- Take the rice milk off the heat just before it boils. Set aside
- In a jug, mix the gluten-free custard powder with 3 tbsps of the sugar, the xanthan gum and 2tbsps rice milk. Mix to make a stiff paste
- Pour the hot rice milk into the custard paste and mix, whisk if necessary to get rid of any lumps
- Pour it all back into the saucepan and heat very gently stirring / whisking all the while
- When it has thickened enough to coat the back of a wooden spoon, remove from the heat
- Add the coconut cream to the custard and stir to combine
- Add the vanilla essence and the rest of the sugar
- Press cling film down onto the surface of the warm custard - to prevent a skin forming - and leave to chill completely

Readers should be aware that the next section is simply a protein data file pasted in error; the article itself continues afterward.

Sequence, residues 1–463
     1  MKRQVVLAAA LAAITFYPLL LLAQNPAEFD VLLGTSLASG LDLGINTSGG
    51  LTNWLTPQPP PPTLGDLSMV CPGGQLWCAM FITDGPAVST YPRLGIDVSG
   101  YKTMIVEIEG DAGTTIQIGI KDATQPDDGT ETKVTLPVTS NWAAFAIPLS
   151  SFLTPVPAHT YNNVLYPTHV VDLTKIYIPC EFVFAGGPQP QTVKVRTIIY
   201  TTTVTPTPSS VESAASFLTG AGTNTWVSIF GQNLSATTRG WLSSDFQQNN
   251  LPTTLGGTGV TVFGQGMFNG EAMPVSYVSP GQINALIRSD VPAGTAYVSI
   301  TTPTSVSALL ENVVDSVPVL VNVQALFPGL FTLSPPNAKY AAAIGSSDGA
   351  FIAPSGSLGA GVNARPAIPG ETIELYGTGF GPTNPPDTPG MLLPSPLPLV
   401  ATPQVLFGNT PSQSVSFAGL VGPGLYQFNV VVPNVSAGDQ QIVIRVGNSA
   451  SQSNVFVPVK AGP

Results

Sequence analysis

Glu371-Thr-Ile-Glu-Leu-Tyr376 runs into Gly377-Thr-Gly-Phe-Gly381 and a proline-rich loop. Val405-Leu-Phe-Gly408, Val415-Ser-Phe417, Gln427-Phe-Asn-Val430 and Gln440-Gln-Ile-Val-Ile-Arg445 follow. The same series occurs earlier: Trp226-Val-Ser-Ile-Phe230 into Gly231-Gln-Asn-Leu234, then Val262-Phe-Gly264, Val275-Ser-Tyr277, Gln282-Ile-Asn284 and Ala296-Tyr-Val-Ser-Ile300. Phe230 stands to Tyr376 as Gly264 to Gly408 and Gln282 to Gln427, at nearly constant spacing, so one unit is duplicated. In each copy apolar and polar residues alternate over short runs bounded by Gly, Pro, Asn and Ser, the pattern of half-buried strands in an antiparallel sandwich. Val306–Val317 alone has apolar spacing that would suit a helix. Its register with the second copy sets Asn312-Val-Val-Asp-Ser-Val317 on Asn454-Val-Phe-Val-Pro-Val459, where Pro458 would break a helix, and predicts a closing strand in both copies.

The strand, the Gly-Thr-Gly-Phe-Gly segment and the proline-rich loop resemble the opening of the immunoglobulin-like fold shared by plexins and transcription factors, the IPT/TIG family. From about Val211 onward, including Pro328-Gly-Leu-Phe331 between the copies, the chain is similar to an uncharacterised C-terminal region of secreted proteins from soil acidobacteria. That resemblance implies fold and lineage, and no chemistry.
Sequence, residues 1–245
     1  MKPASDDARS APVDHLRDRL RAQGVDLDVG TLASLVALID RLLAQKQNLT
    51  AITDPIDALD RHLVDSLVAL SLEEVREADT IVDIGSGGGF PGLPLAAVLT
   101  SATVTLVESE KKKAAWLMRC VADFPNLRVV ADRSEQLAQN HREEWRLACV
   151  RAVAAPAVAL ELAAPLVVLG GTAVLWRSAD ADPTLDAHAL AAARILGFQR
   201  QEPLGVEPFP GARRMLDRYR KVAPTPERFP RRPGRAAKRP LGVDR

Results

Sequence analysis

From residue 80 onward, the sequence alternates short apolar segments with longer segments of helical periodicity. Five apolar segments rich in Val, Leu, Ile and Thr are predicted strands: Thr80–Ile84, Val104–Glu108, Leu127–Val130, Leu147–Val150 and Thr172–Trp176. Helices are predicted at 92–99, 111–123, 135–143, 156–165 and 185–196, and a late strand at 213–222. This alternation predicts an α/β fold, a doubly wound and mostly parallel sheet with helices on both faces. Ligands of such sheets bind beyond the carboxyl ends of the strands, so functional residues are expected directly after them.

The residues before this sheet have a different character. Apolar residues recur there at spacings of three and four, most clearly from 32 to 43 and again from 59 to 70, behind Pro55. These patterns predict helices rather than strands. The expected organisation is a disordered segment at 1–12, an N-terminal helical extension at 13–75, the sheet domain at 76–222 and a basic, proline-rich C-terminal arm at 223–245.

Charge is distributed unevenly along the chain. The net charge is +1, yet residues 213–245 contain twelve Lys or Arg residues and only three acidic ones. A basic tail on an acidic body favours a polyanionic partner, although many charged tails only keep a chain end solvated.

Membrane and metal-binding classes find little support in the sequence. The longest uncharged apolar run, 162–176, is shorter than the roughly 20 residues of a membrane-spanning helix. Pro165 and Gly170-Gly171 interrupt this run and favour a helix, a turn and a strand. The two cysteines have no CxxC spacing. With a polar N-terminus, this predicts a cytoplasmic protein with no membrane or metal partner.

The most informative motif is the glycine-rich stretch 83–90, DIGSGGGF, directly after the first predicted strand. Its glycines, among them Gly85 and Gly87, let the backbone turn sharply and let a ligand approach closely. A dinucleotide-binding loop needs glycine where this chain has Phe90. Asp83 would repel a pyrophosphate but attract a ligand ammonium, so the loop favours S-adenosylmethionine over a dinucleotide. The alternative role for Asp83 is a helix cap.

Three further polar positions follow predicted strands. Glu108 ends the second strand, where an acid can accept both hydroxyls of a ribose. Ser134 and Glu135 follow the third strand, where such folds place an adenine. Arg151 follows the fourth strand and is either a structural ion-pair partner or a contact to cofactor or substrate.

- When cold, place in an ice cream maker (still haven't bought one? Tsk, read this, it may convince you) and set it a-churning. For how long will depend on your ice cream maker, but about 45 minutes?
- Put it into an ice cream container and chill for at least 24 hours
- Caution! You will need to remove this about 20 minutes before serving
60g gluten-free dark chocolate (at least 70% cocoa solids)
2 tbsp water
1tsp golden syrup
- Put the chocolate and water in a cup and place in the microwave
- On medium power heat for about 20 seconds, remove, stir, heat again, keep doing this until the chocolate is melted. Mix well
- Add the golden syrup, mmmm, yummy
- Pour on top of your ice cream
- Clean out the cup by means of your index finger